Snatches of Mozart’s sublime music run tantalisingly through Jonathan Church’s excellent revival of Peter Shaffer’s 1979 play, just as they haunt its protagonist Antonio Salieri. Shaffer gives us the viewpoint of the aged and near deranged Salieri, as the composer unburdens his guilty conscience to the audience, recalling the arrival of the prodigiously talented young Mozart at the Viennese court and his own paralysing envy. It’s guilty fun as a play – a baroque, melodramatic thriller – and it’s played to the hilt by Rupert Everett and Joshua McGuire, who revel, enjoyably, in the drama’s excesses while also delivering its poignancy.
Everett, at first sunken-faced, wispy-haired and shrunk into a wheelchair, transforms in an instant as he relives his tale, turning into his younger, more upright self: a smooth, punctilious individual whose musical ability and poise have earned him fame, fortune and a desirable position at court. All this becomes hollow with the arrival of Mozart, whose genius few at court are equipped to notice – except Salieri himself. He demonstrates how he blocks the younger man’s progress, ultimately, in his mind, contributing to Mozart’s early death, and how he rages at God, first for choosing a vulgar, potty-mouthed rapscallion to be his instrument on earth, and second, for allowing Salieri to pursue his vindictive path.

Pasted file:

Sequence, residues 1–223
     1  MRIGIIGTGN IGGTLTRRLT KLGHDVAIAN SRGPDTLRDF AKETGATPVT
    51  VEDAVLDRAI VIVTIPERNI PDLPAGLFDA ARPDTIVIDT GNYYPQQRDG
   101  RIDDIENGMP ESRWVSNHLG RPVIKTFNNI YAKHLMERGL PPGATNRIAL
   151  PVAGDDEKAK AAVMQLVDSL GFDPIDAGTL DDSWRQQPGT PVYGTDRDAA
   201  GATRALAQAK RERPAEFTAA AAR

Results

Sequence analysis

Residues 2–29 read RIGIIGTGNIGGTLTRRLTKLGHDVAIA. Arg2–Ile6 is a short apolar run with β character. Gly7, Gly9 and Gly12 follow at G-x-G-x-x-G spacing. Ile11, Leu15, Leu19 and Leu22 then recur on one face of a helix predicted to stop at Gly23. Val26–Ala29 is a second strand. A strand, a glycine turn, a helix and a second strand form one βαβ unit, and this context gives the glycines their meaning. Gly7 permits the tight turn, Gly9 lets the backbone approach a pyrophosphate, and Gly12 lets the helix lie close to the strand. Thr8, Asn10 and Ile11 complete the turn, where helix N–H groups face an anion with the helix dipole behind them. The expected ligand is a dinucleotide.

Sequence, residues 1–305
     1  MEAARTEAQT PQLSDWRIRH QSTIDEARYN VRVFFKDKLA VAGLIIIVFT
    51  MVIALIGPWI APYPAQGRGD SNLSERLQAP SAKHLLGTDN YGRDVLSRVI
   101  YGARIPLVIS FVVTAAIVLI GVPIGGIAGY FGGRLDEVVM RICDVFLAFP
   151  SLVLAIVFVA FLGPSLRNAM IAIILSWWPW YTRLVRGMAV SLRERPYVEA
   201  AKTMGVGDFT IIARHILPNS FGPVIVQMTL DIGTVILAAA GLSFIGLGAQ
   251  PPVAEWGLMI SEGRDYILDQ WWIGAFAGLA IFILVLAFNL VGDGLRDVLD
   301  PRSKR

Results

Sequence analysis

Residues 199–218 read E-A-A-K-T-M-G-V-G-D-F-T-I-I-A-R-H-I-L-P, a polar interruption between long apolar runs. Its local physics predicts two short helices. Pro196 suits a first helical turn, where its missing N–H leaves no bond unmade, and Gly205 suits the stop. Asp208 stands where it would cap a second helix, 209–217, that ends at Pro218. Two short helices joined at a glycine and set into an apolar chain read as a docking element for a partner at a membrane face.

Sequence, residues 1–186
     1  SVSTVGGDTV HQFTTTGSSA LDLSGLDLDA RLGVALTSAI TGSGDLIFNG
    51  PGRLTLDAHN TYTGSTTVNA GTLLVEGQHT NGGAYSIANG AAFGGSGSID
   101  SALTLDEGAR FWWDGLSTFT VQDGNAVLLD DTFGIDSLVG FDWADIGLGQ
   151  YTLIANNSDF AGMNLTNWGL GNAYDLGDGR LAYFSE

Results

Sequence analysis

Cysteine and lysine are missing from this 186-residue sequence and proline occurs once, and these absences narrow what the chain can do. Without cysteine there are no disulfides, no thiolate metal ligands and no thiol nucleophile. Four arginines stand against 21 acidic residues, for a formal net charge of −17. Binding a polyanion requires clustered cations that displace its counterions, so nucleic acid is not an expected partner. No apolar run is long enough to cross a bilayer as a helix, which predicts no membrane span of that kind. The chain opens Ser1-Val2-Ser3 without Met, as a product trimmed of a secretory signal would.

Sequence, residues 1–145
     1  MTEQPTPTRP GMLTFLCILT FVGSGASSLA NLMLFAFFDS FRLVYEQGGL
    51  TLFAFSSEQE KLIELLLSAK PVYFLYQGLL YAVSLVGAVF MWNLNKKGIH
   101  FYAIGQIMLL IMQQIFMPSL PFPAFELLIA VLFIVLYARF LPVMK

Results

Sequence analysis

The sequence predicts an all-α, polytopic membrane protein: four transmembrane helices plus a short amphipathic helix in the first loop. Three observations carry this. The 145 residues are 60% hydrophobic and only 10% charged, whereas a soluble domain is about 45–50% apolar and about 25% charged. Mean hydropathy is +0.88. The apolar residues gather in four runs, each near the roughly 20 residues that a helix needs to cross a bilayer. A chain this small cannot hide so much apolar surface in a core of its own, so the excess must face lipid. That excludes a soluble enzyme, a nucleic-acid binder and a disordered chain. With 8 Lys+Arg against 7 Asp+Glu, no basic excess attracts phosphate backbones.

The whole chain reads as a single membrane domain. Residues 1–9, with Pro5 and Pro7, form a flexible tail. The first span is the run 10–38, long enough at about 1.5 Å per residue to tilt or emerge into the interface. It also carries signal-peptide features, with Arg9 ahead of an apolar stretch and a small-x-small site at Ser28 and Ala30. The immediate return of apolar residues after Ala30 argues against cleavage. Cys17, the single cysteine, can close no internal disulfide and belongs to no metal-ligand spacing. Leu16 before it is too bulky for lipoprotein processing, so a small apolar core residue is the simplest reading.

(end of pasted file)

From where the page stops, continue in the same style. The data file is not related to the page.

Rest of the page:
His account strains credibility, but then that is partly the point. We are seeing the delusional recollections of a mind tormented by jealousy. Everett is terrific as Salieri: as his character stoops to skulking, eavesdropping and blackmail, he expertly conveys his anguished mixture of self-obsession and self-loathing. He is perfectly counterpointed by McGuire’s giddy Mozart, whose first act is to reprise, from memory, Salieri’s pedestrian march composed to welcome him – and improve upon it. McGuire is excellent, locating his character’s impetuous, infantile behaviour in the same febrile energy that drives music through him, and he brings real pathos to the dying Mozart’s desperation to get his great Requiem on to the stave. There’s nice work from Simon Jones as the pompous, cloth-eared Emperor and Jessie Buckley as Mozart’s long-suffering wife.
The flashback structure is limiting, obliging Everett to narrate too much, as is the sometimes declamatory style, and the play’s baroque streak drives it over the top periodically. But Church’s handsome revival, elegantly housed on Simon Higlett’s set of ornate, translucent screens, handles this with great aplomb. It reopens the theatre, after a £22m refurbishment that has rendered it more flexible, light and spacious, with a flourish.